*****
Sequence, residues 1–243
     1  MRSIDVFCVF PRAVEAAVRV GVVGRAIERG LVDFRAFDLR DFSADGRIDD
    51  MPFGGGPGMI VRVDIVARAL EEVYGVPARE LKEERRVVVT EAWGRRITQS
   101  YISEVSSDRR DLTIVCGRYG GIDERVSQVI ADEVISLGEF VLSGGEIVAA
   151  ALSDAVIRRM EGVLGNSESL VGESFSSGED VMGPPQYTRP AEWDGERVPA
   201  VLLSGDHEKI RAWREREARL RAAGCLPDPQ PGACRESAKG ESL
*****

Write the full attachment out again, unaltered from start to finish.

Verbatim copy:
Sequence, residues 1–243
     1  MRSIDVFCVF PRAVEAAVRV GVVGRAIERG LVDFRAFDLR DFSADGRIDD
    51  MPFGGGPGMI VRVDIVARAL EEVYGVPARE LKEERRVVVT EAWGRRITQS
   101  YISEVSSDRR DLTIVCGRYG GIDERVSQVI ADEVISLGEF VLSGGEIVAA
   151  ALSDAVIRRM EGVLGNSESL VGESFSSGED VMGPPQYTRP AEWDGERVPA
   201  VLLSGDHEKI RAWREREARL RAAGCLPDPQ PGACRESAKG ESL